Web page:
Strong summer sales and the end of major fighting in Iraq has improved the U.S. automotive market, raising expected domestic vehicle sales this year to 16.6 million, a dealers group said Thursday.
The chief economist for the National Automobile Dealers Association said he now expects 2003 U.S. vehicle sales to be 300,000 higher, or 1.8 percent, than he had forecast earlier this year. The forecast is still below the 16.8 million vehicles sold last year, however.
“A strong summer selling season, improving economy and completion of major combat operations in Iraq are favorable signs that auto sales are likely to finish the year somewhat higher than expected,” said Paul Taylor.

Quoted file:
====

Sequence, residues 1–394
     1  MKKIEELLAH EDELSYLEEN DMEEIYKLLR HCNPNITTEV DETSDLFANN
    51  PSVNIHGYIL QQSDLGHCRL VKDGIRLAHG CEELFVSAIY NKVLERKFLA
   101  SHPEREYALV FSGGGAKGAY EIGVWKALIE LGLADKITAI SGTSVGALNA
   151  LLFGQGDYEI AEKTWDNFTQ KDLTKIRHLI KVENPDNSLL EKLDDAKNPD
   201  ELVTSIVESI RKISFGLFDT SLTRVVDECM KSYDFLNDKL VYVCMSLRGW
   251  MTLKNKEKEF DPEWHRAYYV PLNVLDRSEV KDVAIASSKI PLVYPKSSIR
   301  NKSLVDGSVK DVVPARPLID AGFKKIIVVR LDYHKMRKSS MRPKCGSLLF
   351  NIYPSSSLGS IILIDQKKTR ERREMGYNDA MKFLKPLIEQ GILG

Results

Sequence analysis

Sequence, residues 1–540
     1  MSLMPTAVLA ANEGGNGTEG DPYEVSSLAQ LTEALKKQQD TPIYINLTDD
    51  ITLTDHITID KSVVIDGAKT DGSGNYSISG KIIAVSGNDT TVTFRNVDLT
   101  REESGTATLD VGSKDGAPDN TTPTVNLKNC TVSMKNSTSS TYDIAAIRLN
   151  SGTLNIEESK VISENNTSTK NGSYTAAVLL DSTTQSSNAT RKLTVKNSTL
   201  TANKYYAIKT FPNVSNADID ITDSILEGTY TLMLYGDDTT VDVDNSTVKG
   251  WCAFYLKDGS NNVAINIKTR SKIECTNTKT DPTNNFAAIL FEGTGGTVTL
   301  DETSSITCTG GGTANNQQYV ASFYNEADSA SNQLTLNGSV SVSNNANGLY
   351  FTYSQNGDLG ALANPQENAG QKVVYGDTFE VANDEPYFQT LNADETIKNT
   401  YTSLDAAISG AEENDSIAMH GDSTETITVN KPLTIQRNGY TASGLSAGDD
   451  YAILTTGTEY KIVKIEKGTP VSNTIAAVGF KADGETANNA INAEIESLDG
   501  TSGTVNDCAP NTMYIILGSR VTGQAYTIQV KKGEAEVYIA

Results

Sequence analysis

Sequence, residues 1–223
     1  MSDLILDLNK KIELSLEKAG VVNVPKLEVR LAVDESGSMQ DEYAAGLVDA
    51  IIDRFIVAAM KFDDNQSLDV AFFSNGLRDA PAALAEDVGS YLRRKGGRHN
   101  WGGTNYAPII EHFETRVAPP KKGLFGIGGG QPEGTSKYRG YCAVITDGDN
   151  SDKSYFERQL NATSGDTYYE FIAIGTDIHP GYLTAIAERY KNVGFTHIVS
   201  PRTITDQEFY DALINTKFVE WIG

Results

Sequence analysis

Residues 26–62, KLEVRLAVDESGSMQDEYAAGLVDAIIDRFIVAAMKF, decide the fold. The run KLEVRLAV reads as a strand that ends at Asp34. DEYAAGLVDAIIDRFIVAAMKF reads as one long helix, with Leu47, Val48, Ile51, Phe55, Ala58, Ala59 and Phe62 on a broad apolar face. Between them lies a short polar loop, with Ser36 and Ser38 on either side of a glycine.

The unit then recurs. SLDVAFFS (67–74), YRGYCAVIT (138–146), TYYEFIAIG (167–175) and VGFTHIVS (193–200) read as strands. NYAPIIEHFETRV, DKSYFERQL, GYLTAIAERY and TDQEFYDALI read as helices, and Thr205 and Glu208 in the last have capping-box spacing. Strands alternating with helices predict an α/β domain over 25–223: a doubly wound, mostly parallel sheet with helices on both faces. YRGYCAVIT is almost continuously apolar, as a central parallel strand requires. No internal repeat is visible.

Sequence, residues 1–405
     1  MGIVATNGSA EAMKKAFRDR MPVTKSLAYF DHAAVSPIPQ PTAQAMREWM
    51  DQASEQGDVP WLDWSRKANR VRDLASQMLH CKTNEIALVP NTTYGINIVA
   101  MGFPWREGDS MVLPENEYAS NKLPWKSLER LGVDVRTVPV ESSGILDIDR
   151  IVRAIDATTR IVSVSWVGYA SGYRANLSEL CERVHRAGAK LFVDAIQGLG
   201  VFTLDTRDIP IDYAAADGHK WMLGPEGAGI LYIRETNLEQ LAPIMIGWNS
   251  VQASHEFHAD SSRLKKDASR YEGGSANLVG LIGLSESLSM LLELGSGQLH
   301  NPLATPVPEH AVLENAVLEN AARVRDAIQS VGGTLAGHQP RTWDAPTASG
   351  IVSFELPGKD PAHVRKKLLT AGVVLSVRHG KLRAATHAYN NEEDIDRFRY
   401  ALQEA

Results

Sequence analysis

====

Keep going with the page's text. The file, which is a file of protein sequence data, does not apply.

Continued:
He said continuing large incentives on the new 2004 models also are boosting sales.
“This year will mark the fifth straight year of sales above 16 million units — a remarkable accomplishment in a three-year period of economic and global uncertainty,” he said in a news release from the group’s McLean, Va., headquarters.
So-called crossover sport utility vehicles remain a source of strength for vehicle sales, rising 37 percent from one year ago, Taylor said.
The association represents about 19,800 new car and truck dealers with nearly 43,000 franchises, both domestic and foreign.